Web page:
Reason 5,879 why dolphins are a$$holes: Octopus “handling”

In case you needed further proof that dolphins really are the a$$holes of the ocean, we can now add even more evidence to this list. A new study by Sprogis et al. (2017) includes some pretty badass footage of dolphins “handling” an octopus.

If dolphins weren’t such a$$holes, they would gently cradle the octopus like a kitten, stroking its mantle and respecting the cephalopod’s amazing intellect. But who are we kidding! This is a dolphin we’re talking about, and marine mammal researchers have found that dolphins “shake and toss” cephalopods like a dog tearing apart his favorite chew toy:

Why is this dolphin such an a$$hole to the octopus? Probably because cephalopods are yummy but dangerous food – they’re smart and sucker-y, and dolphins run the risk of *suffocation* if the octopus isn’t fully torn apart and incapacitated before meal time. As Sprogis et al. (2017) found, death by octopus tentacle is surprisingly common:

It is apparent that octopus handling is a risky behavior, as within our study area a known adult male stranded and a necropsy confirmed the cause of death was from suffocation from a large 2.1 kg octopus.1 The dolphin had attempted to swallow the octopus, however, the octopus was found almost intact, with the head and the mantle of the octopus in the dolphin’s stomach and the 1.3 m long arms separated from the head and extending out of its mouth.1 Similarly, another T. aduncus [dolphin] died from suspected asphyxiation due to an octopus lodged in its mouth and pharynx approximately 140 km north of our study area (Shoalwater Bay Islands Marine Park).2 In these two cases, the dolphins may not have processed the octopus sufficiently by shaking and tossing it to ensure the arm’s reflex withdrawal responses were inactive. Octopus arms have a defensive response, as their receptors can detect stimuli that cause damage to their tissues (Hague et al. 2013). These receptors allow octopus arms to continue reacting even after the arms have been detached from the head, allowing the arms to coordinate a reflex withdrawal response (Hague et al. 2013). Dolphins must therefore process the octopus sufficiently to reduce the arms reflex withdrawal response and limit their suckers adhering to them, which otherwise would make them difficult to swallow.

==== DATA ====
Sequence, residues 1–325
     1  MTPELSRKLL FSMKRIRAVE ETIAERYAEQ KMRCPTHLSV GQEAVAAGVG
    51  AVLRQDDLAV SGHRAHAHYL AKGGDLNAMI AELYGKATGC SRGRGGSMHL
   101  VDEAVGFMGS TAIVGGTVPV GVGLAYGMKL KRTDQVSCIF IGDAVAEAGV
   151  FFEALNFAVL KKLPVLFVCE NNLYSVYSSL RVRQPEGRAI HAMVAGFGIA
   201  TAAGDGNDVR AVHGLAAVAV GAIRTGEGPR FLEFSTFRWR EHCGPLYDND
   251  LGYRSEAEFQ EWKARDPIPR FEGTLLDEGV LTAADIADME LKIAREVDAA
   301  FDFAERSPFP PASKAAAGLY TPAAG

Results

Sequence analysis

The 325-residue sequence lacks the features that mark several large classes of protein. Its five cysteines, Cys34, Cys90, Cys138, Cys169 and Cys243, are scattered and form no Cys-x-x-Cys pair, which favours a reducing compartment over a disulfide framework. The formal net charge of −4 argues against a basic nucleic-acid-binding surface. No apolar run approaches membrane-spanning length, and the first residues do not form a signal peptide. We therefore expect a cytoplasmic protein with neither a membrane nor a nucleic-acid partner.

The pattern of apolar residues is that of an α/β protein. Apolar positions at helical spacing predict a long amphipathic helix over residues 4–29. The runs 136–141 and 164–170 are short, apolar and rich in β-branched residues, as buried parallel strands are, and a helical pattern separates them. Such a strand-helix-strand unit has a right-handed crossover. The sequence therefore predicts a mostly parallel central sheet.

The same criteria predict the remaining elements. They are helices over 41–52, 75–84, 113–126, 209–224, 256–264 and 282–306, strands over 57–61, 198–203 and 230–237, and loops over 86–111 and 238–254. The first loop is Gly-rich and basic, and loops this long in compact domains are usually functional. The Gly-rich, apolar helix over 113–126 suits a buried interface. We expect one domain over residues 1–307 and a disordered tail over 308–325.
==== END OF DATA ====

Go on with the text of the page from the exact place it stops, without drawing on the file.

So mad props to all the octopuses out there, for fighting the good fight against dolphins (and sometimes winning!)

Here’s the frame-by-frame photo in all its glory (Figure 1 from the below paper):

Reason 5,879 why dolphins are a$$holes (Sprogis et al. 2017)

Reference:

Sprogis KR, Raudino HC, Hocking D, Bejder L (2017) Complex prey handling of octopus by bottlenose dolphins (Tursiops aduncus), Marine Mammal Science, doi: 10.1111/mms.12405

Holly Bik (160 Posts)

I am a computational biologist at the University of California, Riverside. My research uses DNA sequencing and genomics to study microbial eukaryotes (yeah, nematodes!) in marine ecosystems, with an emphasis on evolution and biodiversity in the deep-sea. I can neither confirm nor deny that I like Unix more than I like going to sea.


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